In his statement Frey makes a point of saying how much he wanted to be the author of books. I certainly empathize with the anxiety and finally the desperation to be published---the idea that it justifies and transforms your life, as it transformed Frey's. And I understand the frustration and the deep anger with editors, agents and publishing that it quite clear in other accounts of Frey's attempts to be published, and is especially a feature of the writer who passed himself off as a Navajo named Nasdijj, in an earlier if lesser known publishing scandal.

I have my own grievances against editors, agents and publishers, which I have written about openly (for instance, in my account of the making of The Malling of America, added to the paperback edition.) I had hoped for a career as an author but like a minor league baseball player who gets a "cup of coffee" and a few innings with a major league club, it didn't happen, and along with related dreams that were thereby dashed, with the outcome I can only describe as a broken heart.

So I feel a certain awe for those who exploited the system's hypocrisies and greed, as well as engaging in other manipulations of a corrupt and simplistic system. (The Nasdijj author was once involved in a gallery show of gay images that wasn't drawing crowds, so he wrote a letter to the editor under a false name attacking it with enraged gaybashing language, and had a friend draft an offended and righteous response. Like clockwork, political groups took up the cause and the show became a hit.)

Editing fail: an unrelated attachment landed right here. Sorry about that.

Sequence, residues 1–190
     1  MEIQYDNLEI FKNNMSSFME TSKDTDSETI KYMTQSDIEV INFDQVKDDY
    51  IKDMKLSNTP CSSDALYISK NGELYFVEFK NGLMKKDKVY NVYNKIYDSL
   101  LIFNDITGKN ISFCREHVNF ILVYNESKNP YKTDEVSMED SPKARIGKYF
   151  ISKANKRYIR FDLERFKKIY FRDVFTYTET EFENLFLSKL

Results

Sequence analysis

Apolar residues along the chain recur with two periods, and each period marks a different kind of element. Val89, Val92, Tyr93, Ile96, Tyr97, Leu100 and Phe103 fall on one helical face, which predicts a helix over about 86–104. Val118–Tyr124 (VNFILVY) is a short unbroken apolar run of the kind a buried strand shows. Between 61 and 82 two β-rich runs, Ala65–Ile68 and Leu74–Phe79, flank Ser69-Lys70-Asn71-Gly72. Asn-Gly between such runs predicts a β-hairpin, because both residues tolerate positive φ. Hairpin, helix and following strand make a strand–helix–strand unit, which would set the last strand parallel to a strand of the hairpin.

But apart from whether I'm up to carrying off that kind of deception, as well as the question of whether I could write a conscious exploitation if I tried, I can't in the end support such travesties of what I believe in as a central commitment of my life.

So it is easy enough to say this is sour grapes, and my own relative poverty is the best argument for jettisoning these quaint standards. Believe me, I've heard that before. But so what? I've stated my case, and you can believe what you want. I've had my say. The whole damn world can read it and no publisher can prevent it. Apart from competition from a few hundred million other sources, it's as good as published by Random House.

No comments: